A Crusade

5th October 2020

84 years ago a group of men set off on a Crusade.

Not to fight for the Holy Land. To fight for their starving families

200 shipbuilders set out from a small town on the River Tyne in the North East of England called Jarrow.

1200 years earlier in Jarrow, the Venerable Bede wrote his Ecclesiastical History of the British People.
By the 30s, one of the crusaders described it as "...a filthy, dirty, falling down, consumptive area."

The men wanted only to put their hard won skills to work in return for a wage they could live off. But there was no work.

My own Grandad was from a shipbuilding family on the other side of the river. He joined the army at 15 a year earlier. It was guaranteed work. And it was safer than the ship yards. And there was no work.

The 'means testing' for long term unemployment assistance meant an assessment of household assets. If you were a family of three, and you owned four chairs, you got nothing till you'd sold one. If you had four teacups, the same. If you had pictures on the wall, they had to go. Literally anything not essential that was saleable had to be sold before you got any help after your 26 weeks of dole were up. And there was no work.

The Jarrow Crusaders set off to walk the 291 miles to London. They carried a petition for the House of Commons.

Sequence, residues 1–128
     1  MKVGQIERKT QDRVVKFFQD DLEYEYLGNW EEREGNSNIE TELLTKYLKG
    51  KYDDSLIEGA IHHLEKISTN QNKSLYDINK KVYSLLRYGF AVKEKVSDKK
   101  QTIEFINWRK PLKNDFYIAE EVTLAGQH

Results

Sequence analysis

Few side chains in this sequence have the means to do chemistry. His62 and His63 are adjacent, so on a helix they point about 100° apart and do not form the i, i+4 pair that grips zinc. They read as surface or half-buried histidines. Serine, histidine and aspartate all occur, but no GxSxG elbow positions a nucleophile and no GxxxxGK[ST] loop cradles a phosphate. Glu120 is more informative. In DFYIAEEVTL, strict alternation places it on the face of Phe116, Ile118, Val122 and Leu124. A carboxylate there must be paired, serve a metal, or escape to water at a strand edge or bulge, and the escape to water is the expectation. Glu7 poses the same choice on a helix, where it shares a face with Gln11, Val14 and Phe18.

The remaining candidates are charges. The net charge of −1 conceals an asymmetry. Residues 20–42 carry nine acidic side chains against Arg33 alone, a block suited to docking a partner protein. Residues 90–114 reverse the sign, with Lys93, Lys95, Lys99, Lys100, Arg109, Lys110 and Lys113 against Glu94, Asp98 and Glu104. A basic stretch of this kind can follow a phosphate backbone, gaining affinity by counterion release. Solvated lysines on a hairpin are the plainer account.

They spent 22 days walking. Supporters housed them and fed them along the way. Bootmakers in Leicester volunteered to work through the night to repair their shredded boots.
They made it to London on 31st October, through torrential rain.

The petition of 11,000 Jarrow signatures was presented to Parliament.
Their MP Ellen Wilkinson spoke passionately in their support. She called Jarrow a "town that was murdered."

The government was unmoved and uninterested.
The Prime Minister refused to meet with them.
The Conservative Party dismissed them.
The Labour Party dismissed them.
They were sent home by train.

They had failed.


...they had won the support of people. They were a part of the change in attitudes that led to the NHS, that led to unemployment benefits, that led to disability benefits, that led to our lives being so much easier than they could ever have imagined.

I’d like to thank every one of those men.
Those men who lived four miles from where I grew up.
Those men who took action, who made a fuss, who stood up and said ‘no more’.

They did not fail.